New Legislation

I have been doing tax work for almost 40 years. During that time I can think of over 12 significant tax bills that I could endorse, even in one case where tax rates were increased. This bill I cannot. I am happy that this bill will create more billable time for my firm but I believe the benefits are over blown. Our job is to save you money not cost you money and this bill was a gift to lawyers and accountants. The following analysis will hopefully provide some understanding of the more salient points for you but also I want you to keep in mind the complexity that this bill is going to cause. More than ever please call

New Section 199A -Qualified Business Income

Dear Client: Recent tax legislation added a new tax deduction for business owners. It permits individuals, estates, and trusts to deduct up to 20% of their “qualified business income.” You may have heard a lot of talk in the news about a new deduction for “pass-through” income, but it’s actually available for qualified business income from a sole proprietorship (including a farm), as well as from pass-through entities such as partnerships, LLCs, and S corporations. For taxpayers in the new 37% tax bracket (down from 39.6% in 2017), such income may be taxed at an effective top marginal rate of 29.6%. Although the new deduction opens the door for planning opportunities for you and your business, the rules are complex.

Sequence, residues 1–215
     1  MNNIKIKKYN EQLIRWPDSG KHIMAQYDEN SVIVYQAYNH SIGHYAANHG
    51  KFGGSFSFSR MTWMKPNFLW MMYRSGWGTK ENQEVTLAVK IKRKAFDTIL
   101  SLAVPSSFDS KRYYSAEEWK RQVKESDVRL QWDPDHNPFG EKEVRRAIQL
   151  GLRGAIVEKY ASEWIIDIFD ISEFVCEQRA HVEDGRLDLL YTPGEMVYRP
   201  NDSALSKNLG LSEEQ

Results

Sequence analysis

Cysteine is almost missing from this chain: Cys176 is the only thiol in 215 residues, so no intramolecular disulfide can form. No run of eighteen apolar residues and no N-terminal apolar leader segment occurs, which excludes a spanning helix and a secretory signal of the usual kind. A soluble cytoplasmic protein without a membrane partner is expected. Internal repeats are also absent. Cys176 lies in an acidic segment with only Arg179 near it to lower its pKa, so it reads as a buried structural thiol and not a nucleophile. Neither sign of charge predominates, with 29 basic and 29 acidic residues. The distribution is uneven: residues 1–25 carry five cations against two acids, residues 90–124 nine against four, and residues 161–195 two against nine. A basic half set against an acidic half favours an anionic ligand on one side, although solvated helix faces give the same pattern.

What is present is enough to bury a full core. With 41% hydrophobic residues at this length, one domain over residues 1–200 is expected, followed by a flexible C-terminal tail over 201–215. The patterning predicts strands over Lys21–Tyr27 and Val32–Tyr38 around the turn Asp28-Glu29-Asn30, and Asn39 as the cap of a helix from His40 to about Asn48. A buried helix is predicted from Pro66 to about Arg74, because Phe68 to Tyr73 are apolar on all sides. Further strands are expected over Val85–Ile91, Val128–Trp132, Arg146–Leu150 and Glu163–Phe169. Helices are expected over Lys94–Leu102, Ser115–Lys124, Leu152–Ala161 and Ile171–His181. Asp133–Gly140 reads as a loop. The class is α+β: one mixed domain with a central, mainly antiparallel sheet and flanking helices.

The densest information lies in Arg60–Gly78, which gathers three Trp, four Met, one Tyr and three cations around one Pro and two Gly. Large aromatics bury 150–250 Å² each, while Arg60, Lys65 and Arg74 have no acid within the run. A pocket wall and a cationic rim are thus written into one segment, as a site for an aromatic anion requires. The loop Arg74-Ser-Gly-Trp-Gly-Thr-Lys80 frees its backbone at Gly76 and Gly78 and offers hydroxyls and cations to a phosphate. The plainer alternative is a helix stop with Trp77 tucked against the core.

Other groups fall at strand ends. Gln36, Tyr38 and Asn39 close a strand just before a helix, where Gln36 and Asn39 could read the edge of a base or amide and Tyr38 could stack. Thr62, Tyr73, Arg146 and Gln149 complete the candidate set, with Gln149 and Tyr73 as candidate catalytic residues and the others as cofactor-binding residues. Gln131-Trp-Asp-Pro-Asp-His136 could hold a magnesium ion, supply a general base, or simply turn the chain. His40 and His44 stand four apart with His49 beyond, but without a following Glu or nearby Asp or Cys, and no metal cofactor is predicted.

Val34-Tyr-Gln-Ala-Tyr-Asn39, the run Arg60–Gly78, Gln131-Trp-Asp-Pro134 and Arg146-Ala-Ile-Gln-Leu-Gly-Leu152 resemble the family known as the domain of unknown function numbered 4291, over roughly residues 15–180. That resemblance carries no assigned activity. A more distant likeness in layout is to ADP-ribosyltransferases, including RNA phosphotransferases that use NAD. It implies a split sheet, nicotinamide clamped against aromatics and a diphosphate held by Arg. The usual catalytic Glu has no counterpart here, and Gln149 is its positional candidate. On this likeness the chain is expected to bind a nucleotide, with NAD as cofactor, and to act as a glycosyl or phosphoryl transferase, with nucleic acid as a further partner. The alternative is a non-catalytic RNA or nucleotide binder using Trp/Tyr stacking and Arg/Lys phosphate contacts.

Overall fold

2017 Tax Reform Letter

Dear client: I am writing to inform you about the severe new limits placed on individuals’ itemized deductions of casualty and theft losses that were made by the Tax Cuts and Jobs Act, effective beginning in 2018. Before the Tax Cuts and Jobs Act, individuals could claim as itemized deductions certain personal casualty losses, not compensated by insurance or otherwise, including losses arising from fire, storm, shipwreck, or other casualty, or from theft. There were two limitations to qualify for a deduction: (1) a loss had to exceed $100, and (2) aggregate losses could be deducted only to the extent they exceeded 10% of adjusted gross income. However, for tax years 2018 through 2025, the personal casualty and theft loss